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15, Oct 2014

Anne Frank as an emerging woman

by Steve Cohen
The Cultural Critic

The Diary of Anne Frank. Lane Savadove directed. EgoPo Classic Theater, 2011

 

The diary, the play and the movie are so familiar that you wonder if you need to see it again. Be advised: This Diary of Anne Frank is different from what you grew up with. It’s better, too. Among other things, it’s less squeamish about Anne’s adolescent awkwardness and her family’s Jewishness.

This EgoPo production uses an adaptation by Wendy Kesselman of the play that Frances Goodrich and Albert Hackett fashioned from Anne’s wartime diary in 1955. The original version was sanitized to soften some gritty words and to make Anne seem more “universal” and less specifically Jewish. Recent years have seen unexpurgated editions of the diary as well as this new script in 1997.

Three major differences from the original stand out. The 13-year-old Anne is more outspoken in her hostility towards her mother, voicing a friction that’s normal for her age and, later, a yearning for a closer relationship. Anne and the others trapped in the hidden Amsterdam hideaway are also angry with the Queen of the Netherlands for surrendering so quickly to Hitler, and with the British for what they perceive as their unnecessary tardiness in launching a cross-channel invasion to liberate them.

In the play’s second act, when Anne is turning 15, she talks about her periods, her interest in her body and in the beauty of other women’s bodies. Just as you begin to wonder whether she has gay tendencies, Anne reveals her longing for Peter, the young son of Anne’s father’s business partner who is living in the same attic. The development of this romance is more believable and engaging than in any previous productions I’ve seen.

Finally, this script contains many more references to the particularity of Jews, in contrast to the old version, which submerged everyone’s Jewishness in universal generalities. The Franks actually weren’t observant Jews, and only one man among the four ever puts on a head covering for prayer. But all of them know the Hanukkah blessings by heart and recite them spontaneously. They take turns lighting the menorah candles and in singing the traditional “Ma’oz Tzur.” Their joy in their shared culture is palpable.

The occupants of the hiding place also express bitterness because the Allies aren’t bombing the German trains carrying Jews eastward to death camps. Anne wrote this in 1943. So much for those who said that no one knew what was going on.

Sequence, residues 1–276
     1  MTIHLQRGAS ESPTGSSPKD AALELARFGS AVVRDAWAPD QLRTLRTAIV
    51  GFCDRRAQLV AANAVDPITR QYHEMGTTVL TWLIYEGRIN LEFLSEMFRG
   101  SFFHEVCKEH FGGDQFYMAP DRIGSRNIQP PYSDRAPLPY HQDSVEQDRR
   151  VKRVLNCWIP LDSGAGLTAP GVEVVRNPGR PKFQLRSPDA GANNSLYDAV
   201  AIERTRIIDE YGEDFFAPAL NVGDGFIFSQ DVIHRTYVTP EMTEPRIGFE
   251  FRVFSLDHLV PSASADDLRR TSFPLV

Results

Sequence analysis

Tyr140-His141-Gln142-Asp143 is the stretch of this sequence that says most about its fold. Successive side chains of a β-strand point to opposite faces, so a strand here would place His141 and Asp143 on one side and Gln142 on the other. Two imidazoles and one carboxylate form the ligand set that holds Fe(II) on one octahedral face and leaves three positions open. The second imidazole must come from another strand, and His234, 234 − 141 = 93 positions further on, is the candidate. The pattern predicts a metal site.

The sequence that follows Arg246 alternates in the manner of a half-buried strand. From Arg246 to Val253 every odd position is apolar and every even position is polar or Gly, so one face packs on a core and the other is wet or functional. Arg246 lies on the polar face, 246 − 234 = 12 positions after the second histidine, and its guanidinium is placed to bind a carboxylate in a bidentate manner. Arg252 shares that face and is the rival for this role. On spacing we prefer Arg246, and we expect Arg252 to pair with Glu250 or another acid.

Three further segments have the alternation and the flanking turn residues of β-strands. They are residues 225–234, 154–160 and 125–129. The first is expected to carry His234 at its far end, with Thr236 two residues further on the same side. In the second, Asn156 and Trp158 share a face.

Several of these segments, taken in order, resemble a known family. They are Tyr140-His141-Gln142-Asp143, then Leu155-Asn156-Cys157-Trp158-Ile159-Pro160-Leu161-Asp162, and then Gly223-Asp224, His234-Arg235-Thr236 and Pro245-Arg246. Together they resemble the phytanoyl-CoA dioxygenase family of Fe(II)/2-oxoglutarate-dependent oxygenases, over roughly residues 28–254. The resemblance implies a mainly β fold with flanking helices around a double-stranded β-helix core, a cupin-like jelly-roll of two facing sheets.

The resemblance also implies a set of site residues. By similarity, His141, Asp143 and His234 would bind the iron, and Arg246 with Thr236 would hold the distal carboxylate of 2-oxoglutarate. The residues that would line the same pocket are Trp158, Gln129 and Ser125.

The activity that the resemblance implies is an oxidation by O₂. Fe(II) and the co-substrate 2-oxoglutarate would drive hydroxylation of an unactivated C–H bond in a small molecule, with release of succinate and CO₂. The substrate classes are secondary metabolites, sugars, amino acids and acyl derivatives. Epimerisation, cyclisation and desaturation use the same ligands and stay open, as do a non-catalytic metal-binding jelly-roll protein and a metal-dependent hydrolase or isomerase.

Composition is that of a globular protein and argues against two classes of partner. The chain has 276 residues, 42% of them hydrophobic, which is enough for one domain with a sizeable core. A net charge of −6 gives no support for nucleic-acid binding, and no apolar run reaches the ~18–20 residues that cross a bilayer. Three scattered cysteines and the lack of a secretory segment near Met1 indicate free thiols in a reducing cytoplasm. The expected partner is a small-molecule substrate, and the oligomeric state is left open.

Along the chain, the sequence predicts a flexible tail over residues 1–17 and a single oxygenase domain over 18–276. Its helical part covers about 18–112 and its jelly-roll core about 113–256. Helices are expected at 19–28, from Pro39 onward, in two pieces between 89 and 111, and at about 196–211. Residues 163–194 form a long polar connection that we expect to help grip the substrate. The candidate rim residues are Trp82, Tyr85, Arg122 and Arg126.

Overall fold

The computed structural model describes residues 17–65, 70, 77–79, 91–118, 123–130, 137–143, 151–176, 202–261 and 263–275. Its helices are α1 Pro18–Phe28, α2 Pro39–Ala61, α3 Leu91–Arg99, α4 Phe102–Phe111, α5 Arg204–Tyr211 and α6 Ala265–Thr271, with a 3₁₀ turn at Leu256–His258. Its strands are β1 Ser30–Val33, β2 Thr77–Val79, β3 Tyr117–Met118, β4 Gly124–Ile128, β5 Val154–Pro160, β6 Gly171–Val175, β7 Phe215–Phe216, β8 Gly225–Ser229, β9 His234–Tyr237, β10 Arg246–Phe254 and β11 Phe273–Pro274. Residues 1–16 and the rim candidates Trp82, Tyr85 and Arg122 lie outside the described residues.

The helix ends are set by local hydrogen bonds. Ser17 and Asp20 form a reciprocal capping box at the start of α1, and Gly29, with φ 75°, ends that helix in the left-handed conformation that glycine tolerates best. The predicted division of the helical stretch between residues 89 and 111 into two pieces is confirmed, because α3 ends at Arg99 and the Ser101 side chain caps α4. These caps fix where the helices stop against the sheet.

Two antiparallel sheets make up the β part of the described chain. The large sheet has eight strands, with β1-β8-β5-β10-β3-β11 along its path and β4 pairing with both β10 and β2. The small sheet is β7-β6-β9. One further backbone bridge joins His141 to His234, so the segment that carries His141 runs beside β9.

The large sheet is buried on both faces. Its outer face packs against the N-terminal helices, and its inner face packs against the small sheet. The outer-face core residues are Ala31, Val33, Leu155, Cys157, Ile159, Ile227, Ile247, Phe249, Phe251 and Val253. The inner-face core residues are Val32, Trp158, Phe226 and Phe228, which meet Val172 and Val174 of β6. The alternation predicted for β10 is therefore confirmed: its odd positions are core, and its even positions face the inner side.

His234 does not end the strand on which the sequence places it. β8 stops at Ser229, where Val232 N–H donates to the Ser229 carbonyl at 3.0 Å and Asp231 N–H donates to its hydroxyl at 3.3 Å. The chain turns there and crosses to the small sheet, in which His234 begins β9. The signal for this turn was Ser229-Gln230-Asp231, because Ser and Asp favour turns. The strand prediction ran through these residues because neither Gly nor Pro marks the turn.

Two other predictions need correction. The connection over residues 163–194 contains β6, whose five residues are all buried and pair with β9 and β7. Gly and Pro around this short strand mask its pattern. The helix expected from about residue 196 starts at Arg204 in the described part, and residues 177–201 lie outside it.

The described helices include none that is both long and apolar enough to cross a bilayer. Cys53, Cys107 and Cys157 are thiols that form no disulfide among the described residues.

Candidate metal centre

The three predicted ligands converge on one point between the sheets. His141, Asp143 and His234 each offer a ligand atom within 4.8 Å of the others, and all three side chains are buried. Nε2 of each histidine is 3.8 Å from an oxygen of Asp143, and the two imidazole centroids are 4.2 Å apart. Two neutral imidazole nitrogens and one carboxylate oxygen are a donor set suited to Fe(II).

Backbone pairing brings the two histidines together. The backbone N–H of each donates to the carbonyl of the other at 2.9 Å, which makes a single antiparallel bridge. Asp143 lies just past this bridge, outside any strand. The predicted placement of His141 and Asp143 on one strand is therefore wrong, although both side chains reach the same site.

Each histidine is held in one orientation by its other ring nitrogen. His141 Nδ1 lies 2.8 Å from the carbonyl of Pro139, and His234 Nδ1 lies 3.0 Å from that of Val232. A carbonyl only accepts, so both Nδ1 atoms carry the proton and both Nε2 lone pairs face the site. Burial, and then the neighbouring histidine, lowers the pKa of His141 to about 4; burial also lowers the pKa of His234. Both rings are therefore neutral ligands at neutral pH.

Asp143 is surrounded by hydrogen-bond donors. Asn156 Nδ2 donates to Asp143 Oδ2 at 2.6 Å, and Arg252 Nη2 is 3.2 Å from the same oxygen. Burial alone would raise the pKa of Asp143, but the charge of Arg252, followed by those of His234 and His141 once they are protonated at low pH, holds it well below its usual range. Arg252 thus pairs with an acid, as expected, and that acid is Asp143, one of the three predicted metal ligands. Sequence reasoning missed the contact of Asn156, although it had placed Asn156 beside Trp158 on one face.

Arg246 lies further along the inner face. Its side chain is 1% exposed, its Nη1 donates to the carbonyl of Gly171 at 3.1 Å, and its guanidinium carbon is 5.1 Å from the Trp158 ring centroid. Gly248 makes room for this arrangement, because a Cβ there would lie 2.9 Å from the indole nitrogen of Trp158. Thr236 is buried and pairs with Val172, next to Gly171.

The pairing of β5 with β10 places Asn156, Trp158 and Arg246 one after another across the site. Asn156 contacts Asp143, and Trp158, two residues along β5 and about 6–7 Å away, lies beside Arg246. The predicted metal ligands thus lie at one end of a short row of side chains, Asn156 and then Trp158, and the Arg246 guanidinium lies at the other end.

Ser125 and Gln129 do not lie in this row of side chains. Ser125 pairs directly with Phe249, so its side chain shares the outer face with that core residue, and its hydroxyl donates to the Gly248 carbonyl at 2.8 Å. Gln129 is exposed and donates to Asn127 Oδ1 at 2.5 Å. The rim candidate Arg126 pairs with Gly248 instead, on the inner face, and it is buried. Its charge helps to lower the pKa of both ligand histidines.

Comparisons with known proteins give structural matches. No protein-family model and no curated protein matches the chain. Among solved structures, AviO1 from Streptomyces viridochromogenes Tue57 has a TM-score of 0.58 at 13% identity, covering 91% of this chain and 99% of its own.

It’s important to keep in mind that The Diary of Anne Frank is Anne Frank’s own story, not some outside observer’s. Anne was a 13-year-old with a creative bent who might have grown into a successful writer. Her expression is inconsistent as her normal changes of adolescence are exacerbated by her lack of privacy and her dangerous surroundings.

Her words ring so true that I forgive her less-than-polished verbiage. Anne succeeded in creating a subjective story that told in microcosm what could barely be comprehended when people tried to examine the vastness of the Holocaust.

The direction by Lane Savadove emphasizes the clashes between the desperate people trapped together. Never have I felt as much tension caused by their claustrophobia— never able to go outdoors or open a window or even raise a shade. The intimacy of the Prince Theater’s upstairs performing space causes audience members to feel we’re sharing this cramped room with the family.

Savadove’s cast is well chosen and each of them presents an individual personality. Rob Kahn is an excellent Otto Frank, Anne’s father, as are Melanie Julian as her mother and K. O. Delmarcelle as Anne’s sister Margot. Brendan Norton is the maladroit dentist Dussel; Russ Widdall is the blundering but eventually endearing business partner Van Daan; and Mary Lee Bednarek is Van Daan’s out-of-her-element wife.

The Anne, Sara Yoko Howard, is a recent college grad who looks younger and whose motion and expression convince us that she’s only 13. She is precociously effervescent, with a daring spirit that allows her to view this captivity as a great adventure. Her gradual maturing into a relatively sophisticated 15-year-old is a considerable acting feat.

Matching her is Johnny Smith as Peter. He, too, is not nearly as young as the boy he portrays, showing how well he uses his talents.

Two elements that were beyond the creative powers of Anne the author, or of any playwright, turn this story into haunting tragedy. First, the Allied invasion of Europe in June 1944 brought delirious joy to the attic for the first time in more than two years. Anne remarks how lucky she is to have survived while most of her school friends are probably dead— and right after that the Nazis burst into the attic.

Second, the sparkling and resilient Anne became drained of spirit in a concentration camp and then died a few weeks before the war ended. Anne’s father was the only survivor; in the play’s epilogue, he finds the diary. That was all that was left. Plus, in this production, a music box that played “Ma’oz Tzur.”
AnneFrank bookcover foto

 

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